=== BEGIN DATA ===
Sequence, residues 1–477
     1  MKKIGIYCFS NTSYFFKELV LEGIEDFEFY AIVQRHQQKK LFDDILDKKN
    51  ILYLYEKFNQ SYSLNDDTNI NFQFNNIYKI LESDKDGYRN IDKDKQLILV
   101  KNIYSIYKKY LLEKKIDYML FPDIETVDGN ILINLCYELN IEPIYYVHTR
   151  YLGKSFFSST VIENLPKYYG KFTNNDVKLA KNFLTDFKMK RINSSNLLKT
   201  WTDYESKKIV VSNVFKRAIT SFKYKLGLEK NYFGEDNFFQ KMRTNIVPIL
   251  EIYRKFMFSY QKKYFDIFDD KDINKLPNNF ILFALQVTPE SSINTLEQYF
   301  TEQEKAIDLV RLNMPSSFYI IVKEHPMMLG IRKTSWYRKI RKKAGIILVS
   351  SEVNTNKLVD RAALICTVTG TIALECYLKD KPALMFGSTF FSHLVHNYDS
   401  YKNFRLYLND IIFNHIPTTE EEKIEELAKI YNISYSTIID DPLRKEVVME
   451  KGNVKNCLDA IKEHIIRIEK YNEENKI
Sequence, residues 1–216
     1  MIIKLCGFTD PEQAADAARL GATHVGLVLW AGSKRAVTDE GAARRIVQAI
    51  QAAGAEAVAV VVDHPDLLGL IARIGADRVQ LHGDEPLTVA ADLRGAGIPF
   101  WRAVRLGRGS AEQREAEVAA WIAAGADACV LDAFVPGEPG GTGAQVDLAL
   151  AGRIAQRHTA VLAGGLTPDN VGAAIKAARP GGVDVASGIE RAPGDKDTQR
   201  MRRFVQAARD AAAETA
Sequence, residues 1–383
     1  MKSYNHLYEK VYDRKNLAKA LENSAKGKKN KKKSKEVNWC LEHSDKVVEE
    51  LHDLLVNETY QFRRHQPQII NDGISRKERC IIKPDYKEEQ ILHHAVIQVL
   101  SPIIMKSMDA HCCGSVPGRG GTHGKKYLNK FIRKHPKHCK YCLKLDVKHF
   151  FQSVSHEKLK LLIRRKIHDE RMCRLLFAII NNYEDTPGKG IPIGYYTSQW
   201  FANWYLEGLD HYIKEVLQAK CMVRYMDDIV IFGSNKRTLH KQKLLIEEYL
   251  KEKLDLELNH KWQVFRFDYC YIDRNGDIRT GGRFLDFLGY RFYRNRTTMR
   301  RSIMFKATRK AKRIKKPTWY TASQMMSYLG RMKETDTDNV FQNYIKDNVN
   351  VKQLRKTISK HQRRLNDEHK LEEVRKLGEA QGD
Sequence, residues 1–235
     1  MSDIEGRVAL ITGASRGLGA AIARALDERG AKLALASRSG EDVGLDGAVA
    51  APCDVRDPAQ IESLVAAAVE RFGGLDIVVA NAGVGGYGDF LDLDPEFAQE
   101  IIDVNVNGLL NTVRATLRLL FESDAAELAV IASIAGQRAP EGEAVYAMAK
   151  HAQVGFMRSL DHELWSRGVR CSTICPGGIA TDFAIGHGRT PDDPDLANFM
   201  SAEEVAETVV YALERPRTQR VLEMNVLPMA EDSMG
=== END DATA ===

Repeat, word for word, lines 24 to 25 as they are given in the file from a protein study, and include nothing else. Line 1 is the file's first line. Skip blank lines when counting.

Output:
   251  KEKLDLELNH KWQVFRFDYC YIDRNGDIRT GGRFLDFLGY RFYRNRTTMR
   301  RSIMFKATRK AKRIKKPTWY TASQMMSYLG RMKETDTDNV FQNYIKDNVN